I managed to get some rest, not much but OK, thank you:)
Firstly, I would like to thank you for your perspective on this issue.
Secondly, i would like to give you my point of view to your replies.
"These workers are paid wages better than what they can earn back home, that is if they can even find employment. If they don't come, no sweat as there are others from same or other countries who are in th queue. So what criticality and what nonsensical assertion that Singapore is obligated to them, The reverse is more like it." (Point 1)
-I understand your point why these foreign workers should be 'obligated' to Singaporeans.what i also believe is that Singapore has an obligation to them too. The work that they do, generally construction, keeping the streets clean, and other blue collar jobs, are these the types of occupation that you would want to have or your kids to have? i don't think so. But these jobs are important for the development of your country. So, if Singaporeans don't do it, who else will? you need to rely on the foreign manpower, true?
What i also do not agree with is "that doesn't mean we must all embrace them as though they are fellow citizens or potential citizen-PRs". perhaps i do not quite understand your reason for this. they are currently residing in Singapore, earning wages in Singapore. What if, in time to come, they decide to stay as PRs? Will they still be an annoyance then too? why must there be a difference in treatment?
'Going by what you have said, you cannot be one of many bloggers who have in recent times lamented and sweared on foreign workers for causing overcrowded trains and buses and public spaces. And if you have spare rooms in your house, they deserve to live with you? '
-You are right. I do not blame them for the overcrowded public transport. Why should i? it IS for the public right? Are they not part of the public? And, if you do not want them taking public transport, and they cannot afford cars or licences, how do they travel? On foot? By bicycle? And, at which part of the day are foreign workers the primary cause of the overcrowding? If it is during the usual peakhours, then, shouldn't the blame be put on normal Singaporeans too? Everyone leaves and goes to work at roughly the same time. So, everyone is to blame for that.
there is also a difference between private area and public area. A house is obviously one's personal private area. It is up to the home owner whether he wants to open it up to foreign workers. That is a different matter altogether. I am not asking them to live in your house. But for them not to be able to use public ammenities is a little unfair don't you think? it is already open to the public, let them use it too. if Singaporeans don't want to share these ammenities, then use your own ammenities, transport, etc...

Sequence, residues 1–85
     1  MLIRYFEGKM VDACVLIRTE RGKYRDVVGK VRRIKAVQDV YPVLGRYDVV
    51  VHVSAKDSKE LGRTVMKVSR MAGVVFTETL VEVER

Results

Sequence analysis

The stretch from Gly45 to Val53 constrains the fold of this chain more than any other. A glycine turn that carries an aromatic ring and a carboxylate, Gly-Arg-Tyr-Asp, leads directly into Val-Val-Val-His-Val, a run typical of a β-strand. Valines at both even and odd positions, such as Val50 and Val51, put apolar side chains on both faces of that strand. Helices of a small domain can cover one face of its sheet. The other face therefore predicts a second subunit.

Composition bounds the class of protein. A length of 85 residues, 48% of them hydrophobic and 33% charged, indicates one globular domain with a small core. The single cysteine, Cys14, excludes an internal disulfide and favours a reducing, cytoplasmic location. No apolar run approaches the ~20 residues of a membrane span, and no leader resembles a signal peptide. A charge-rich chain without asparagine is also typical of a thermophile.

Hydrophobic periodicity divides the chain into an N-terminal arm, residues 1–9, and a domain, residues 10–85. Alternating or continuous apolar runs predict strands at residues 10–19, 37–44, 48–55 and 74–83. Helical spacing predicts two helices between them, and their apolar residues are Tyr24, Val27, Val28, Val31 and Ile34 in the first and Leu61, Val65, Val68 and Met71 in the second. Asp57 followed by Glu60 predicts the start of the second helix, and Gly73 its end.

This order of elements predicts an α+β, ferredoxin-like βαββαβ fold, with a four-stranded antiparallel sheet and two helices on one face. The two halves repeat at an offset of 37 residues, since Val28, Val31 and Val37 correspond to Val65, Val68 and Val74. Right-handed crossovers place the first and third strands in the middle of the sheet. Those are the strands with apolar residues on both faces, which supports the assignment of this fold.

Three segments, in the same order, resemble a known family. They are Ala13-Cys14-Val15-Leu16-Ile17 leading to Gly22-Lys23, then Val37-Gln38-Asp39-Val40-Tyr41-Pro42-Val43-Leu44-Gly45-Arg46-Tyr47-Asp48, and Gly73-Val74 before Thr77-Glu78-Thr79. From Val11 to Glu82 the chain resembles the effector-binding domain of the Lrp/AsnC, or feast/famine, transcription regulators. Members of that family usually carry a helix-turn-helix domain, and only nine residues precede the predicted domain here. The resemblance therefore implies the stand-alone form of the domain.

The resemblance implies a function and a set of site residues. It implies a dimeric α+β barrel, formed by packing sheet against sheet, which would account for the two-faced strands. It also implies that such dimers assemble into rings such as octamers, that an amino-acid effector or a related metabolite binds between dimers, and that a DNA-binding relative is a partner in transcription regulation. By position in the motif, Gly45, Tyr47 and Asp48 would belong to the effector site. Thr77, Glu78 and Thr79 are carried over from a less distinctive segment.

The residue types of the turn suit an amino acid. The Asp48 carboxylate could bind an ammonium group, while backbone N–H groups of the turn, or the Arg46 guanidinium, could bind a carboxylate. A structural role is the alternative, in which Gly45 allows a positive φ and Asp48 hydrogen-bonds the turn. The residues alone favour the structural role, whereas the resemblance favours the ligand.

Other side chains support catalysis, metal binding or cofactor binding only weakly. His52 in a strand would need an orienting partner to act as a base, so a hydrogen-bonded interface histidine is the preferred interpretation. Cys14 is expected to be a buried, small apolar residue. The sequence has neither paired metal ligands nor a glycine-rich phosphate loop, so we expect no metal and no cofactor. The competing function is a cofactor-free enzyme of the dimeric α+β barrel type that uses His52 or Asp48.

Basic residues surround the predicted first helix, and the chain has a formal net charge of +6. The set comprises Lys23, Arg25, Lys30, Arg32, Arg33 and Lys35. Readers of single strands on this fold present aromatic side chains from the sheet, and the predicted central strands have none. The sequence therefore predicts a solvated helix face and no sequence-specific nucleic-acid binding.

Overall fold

- The major part of the reply talked much on land value and taxpayer's money. I understand how this is a major issue for the residents. However, since i am no economics major, i shall not shoot myself in the toe by rebutting the econs part of the problem. I will just give my take on it. Honestly, it gives me the impression that money and property value is everything to Singaporeans. No doubt it is important. What i find hard to accept is how much the financial issue is overshadowing the lack of empathy, for the workers. With their rise in numbers, new dorms will have to be built to house them. Being a tiny country, where should the government squeeze more than 600 000 foreign workers residing in Singapore? There are already more than 50 commercially-run dorms, excluding other quarters and residential areas all over the island. Apparently these are insufficient.
Furthermore, these dorms at Serangoon Gardens are only temporary if im not wrong? Even if property prices decreases, with the departure of these workers from Burghley Drive in about 3-5 years time, wouldn property prices increase again? Im not sure if the government has assured better prices after the workers have shifted over to their permanent premises, but could that be a compromise between the residents and the government?
there are always two sides to an argument. in this case, the side of the residents and the side of the govt/workers. if both sides are able to understand where each other is coming from, the benefits, losses and assurances each side receives before, during and after the dorm is built, i feel that things will not get so heated up. (maybe i would not have gotten so worked up too.)
I have a question. If hypothetically speaking, the dorm is made to house foreign talents, not foreign workers. meaning foreign scholars, professionals(engineers, executives), etc, would that result in land prices dropping too? Would this Serangoon Gardens issue still be an issue? i guess in reality these foreign talents probably would have their own property in Singapore, but hypothetically speaking.
The reason i sounded angry in my post was because i do not understand the reason behind the lack of tolerance of Singaporeans towards foreign workers. I am also wondering if the same lack of tolerance applies to foreign talents. Because, honestly, i see a difference in treatment to these two pools of foreigners. Is it is due to the preconceived notions Singaporeans have on them based on what we see, hear and maybe smell, or have Singaporeans actually faced many many bad experiences with foreign workers, and none at all with foreign talents?
I am not trying to sound like a saint, loving everyone and all creatures, etc. i just feel that Singaporeans are taking foreign workers for granted and are not appreciating them enough. imagine a Singapore without foreign workers?
And now i'm tired. good morning!